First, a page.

The annual #EurydiceEU update on Teachers’ and School Heads’ Salaries and Allowances in Europe has just been released on occasion of the World Teachers’ Day. This year, for the first time, Eurydice also published as open data the country sheets related to Teachers’ and School Heads’ Salaries and Allowances in Europe which have been collected jointly by the Eurydice and the OECD/NESLI networks.
Teachers’ remuneration and career prospects are an intrinsic part of policies aiming to attract the best-qualified graduates to the profession and retain the best teachers. The publication shows the composition and differences in teachers’ and school heads’ earnings among the Eurydice countries. It includes a comparative analysis and national data sheets with detailed information on the salaries, allowances and other additional payments that teachers and school heads receive.
– There are significant differences between European countries in the statutory salaries for teachers entering the profession. Gross statutory starting salaries range from around EUR 4,000 to EUR 92,000 per year, depending on the country. Salaries may also be expressed in purchasing power standard (PPS), an artificial common reference currency unit that eliminates price level differences between countries to facilitate international comparison. In PPS, there are still significant variations across countries, but with a reduced amplitude. Gross statutory starting salaries can go from around PPS 8,000 to around PPS 59,000 per year.
– In 11 countries, all beginning teachers have the same statutory salary regardless of the education level at which they teach. In most countries, salary differences between education levels are linked to differences in minimum qualification requirements. On average, pre-primary teachers tend to earn less, and upper secondary teachers generally earn more.
– The potential for statutory salaries to increase over the career span varies considerably. Depending on the country, starting salaries can increase during a teacher’s career by anything from 16% (in Denmark and Serbia) to 143% (in Cyprus). The average number of years necessary to reach the top of the salary range goes from 12 years in Denmark to 42 years in Hungary. In Ireland, Cyprus, the Netherlands and Poland, teachers’ statutory starting salaries can increase by more than 60% in the first 15 years in service, and even more in the following years.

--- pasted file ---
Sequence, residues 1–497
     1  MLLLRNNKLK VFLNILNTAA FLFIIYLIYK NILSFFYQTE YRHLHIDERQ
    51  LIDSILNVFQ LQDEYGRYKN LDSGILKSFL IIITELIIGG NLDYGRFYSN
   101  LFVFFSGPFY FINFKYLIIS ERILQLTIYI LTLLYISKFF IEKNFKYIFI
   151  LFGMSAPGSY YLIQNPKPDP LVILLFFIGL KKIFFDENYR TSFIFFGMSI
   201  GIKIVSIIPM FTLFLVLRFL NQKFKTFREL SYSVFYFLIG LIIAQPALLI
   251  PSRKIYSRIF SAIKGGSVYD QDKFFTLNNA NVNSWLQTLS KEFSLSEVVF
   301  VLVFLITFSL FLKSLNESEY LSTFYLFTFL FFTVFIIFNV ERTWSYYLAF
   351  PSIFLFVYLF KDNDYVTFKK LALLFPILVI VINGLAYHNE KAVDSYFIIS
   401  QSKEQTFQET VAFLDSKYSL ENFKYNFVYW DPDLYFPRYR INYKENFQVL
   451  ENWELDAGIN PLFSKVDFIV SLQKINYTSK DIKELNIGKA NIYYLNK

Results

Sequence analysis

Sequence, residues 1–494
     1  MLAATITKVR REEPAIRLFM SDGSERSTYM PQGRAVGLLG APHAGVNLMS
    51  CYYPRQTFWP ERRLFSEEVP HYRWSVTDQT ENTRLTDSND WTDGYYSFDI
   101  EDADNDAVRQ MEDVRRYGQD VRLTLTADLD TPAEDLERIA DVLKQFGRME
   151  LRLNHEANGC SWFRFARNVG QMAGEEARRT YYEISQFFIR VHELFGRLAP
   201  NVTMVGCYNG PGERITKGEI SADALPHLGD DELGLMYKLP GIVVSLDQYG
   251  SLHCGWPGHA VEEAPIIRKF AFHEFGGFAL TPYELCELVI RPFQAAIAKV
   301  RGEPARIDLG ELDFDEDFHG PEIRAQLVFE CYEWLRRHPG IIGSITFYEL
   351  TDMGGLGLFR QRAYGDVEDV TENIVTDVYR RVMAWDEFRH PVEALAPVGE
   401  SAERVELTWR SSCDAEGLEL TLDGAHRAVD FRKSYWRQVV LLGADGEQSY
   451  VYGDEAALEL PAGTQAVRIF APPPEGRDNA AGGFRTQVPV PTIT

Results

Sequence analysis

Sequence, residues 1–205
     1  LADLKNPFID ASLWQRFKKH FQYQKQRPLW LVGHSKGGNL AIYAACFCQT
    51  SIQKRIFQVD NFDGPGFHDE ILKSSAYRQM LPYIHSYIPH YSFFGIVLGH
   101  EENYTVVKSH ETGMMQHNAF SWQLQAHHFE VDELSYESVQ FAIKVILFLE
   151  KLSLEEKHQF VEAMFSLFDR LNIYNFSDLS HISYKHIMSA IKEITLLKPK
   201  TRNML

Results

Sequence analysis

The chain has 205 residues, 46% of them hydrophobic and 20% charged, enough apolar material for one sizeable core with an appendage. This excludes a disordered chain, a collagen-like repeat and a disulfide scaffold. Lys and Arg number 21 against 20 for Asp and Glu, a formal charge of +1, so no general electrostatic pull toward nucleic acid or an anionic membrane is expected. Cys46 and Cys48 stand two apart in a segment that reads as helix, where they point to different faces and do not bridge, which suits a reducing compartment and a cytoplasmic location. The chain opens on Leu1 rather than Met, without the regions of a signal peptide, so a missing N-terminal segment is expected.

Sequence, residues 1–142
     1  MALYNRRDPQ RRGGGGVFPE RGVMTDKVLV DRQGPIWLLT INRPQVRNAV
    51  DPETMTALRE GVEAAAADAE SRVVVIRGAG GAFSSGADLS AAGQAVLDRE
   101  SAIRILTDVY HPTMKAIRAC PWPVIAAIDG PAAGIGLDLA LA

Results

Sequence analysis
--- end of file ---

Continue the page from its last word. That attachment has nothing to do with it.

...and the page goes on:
– Between school years 2019/2020 and 2020/2021, teachers saw their statutory salaries increase in the majority of education systems, but salary increases were generally modest or index-linked to inflation.
– In ten countries, starting salaries of teachers (adjusted for inflation) remained the same or lower between 2014/2015 and 2020/2021. In contrast, the highest increases – more than 30% – over the last five years can be found in several central and eastern European countries (Bulgaria, Czechia, Estonia, Latvia, Lithuania and Slovakia), and in Iceland and Serbia.
– Teachers’ average actual salary level is strongly correlated to the gross domestic product (GDP) per capita of a country (i.e. the higher the GDP per capita, the higher the average annual salary). It is above the GDP per capita for all or most education levels in two-thirds of the education systems. However, it is below the GDP per capita at all educational levels in seven countries (in Czechia, Estonia, Ireland, Hungary, Romania, Sweden and Norway). In seven others, it is the case for at least one education level (pre-primary education only in Denmark, Malta, Slovakia and Finland; pre-primary and primary education in Italy and Iceland; all education levels except general upper secondary education in Latvia).
– School heads are often paid on a different salary scale from teachers, and their salaries tend to increase with the size of the school. In most education systems, there are significant salary differences among school heads, depending on the size or other characteristics of the school and on other factors, such as the head’s experience and responsibilities.
– School heads’ minimum statutory salary is lower than the salary of teachers with 15 years’ experience in the French Community of Belgium and Czechia. This is also the case at some education levels or for heads of small schools in a few other countries.